Over the next few years, changes to the consolidated fiscal balance (which combines the state and federal fiscal balances) largely reflect developments at the federal level (Graph C4). Although there has also been some increase in the combined deficits of the state governments, due mainly to the effect of the lower-than-expected terms of trade on royalty revenues in Queensland and Western Australia, this is small relative to the recent revisions to the federal deficit.

Implications for the Bank's Forecasts

When considering the implications of any individual budget for forecasts of economic activity, the Bank assesses how the various fiscal impact measures have changed from previous estimates. The estimates above suggest that the overall fiscal impact of the recent federal budget over the projection period is little changed since the MYEFO and mid-year reviews from the state governments.

The Bank also incorporates budget information into its forecasts for some of the main expenditure components of GDP, the labour market and prices where appropriate. Incorporating the effects of policy changes requires some judgement. One obvious and direct effect is via public demand, although public demand only captures the component of expenditure that contributes directly to economic activity, such as spending on work done by public servants and on public infrastructure projects. The budget can also affect economic activity through transfer payments to households and businesses, and the revenue the government receives from taxes and royalties. Some of the fiscal consolidation over the next few years is expected to operate through these transfer channels, and policies announced in the recent federal budget have not changed the assessment of the strength of these channels noticeably. To date, there seems to have been some response by businesses to the small business tax cuts and accelerated depreciation allowances announced in the latest Australian Government budget. At the same time, real household disposable income is expected to be marginally lower than was forecast at the time of the May Statement, partly due to reductions in transfer payments and increases in tax receipts.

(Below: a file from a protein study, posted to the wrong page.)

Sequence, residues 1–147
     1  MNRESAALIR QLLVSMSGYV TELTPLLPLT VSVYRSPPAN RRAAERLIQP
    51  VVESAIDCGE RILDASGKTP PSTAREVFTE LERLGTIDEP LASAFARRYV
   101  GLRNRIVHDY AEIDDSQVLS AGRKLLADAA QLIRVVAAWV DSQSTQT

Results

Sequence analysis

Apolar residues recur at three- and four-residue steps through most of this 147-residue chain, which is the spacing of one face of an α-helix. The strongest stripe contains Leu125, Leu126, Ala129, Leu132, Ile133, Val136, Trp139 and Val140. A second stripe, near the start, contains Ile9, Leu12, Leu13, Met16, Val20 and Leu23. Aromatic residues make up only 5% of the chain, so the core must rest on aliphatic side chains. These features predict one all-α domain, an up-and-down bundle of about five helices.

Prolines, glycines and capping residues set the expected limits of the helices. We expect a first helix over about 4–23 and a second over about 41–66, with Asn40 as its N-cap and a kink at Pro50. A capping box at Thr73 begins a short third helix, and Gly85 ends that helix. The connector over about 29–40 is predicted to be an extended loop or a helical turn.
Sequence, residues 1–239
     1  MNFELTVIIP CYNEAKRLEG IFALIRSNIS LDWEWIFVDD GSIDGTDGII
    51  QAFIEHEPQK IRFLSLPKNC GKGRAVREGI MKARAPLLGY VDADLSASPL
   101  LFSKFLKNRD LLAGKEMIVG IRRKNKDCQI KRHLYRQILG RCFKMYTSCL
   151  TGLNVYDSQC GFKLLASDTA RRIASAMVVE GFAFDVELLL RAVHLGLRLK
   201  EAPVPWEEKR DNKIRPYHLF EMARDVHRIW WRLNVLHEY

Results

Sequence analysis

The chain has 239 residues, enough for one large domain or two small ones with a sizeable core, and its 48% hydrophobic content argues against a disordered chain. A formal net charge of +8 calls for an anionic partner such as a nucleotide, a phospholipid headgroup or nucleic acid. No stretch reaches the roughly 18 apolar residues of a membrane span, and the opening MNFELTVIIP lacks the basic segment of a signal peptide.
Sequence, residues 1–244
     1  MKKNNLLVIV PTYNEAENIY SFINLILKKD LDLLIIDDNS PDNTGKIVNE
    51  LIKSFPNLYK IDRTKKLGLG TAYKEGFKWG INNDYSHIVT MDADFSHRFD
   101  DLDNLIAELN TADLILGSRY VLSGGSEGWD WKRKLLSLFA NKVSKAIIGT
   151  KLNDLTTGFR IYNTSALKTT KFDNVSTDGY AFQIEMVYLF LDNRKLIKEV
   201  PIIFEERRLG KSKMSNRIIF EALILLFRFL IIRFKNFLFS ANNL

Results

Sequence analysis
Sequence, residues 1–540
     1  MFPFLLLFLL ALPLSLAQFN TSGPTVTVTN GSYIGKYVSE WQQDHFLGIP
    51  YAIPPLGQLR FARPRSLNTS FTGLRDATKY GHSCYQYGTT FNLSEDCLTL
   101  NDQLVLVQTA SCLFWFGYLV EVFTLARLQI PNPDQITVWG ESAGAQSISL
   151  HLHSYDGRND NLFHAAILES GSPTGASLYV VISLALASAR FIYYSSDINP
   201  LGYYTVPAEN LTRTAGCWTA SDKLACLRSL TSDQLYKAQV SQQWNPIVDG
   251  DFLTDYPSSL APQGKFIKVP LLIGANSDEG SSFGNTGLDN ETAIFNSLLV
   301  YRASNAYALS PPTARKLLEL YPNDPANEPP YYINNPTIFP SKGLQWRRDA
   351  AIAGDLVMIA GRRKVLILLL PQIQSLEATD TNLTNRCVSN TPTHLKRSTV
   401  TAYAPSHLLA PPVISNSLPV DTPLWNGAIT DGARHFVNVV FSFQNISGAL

The Australian Government accounts for around 55 per cent of total federal and state government spending, excluding grants from the Australian Government to the states. If the grants are included in spending of the Australian Government (and stripped out of state government spending), the Australian Government accounts for 70 per cent of total spending. [1]

The size of the deficit will depend on the accounting approach taken, although the main approaches yield similar results in this case. The key difference between the headline and underlying cash balance is that the headline balance treats investments in student loans and the National Broadband Network Corporation as operational, whereas both are excluded from the underlying balance. The projections also depend on whether the flows are measured using cash or accrual accounting principles. Broadly speaking, accrual measures record when commitments between two parties are created, whereas cash measures record when payments are actually made. [2]

The structural budget balance is an estimate of what the budget balance would have been if economic activity had been operating at its long-run or potential level. [3]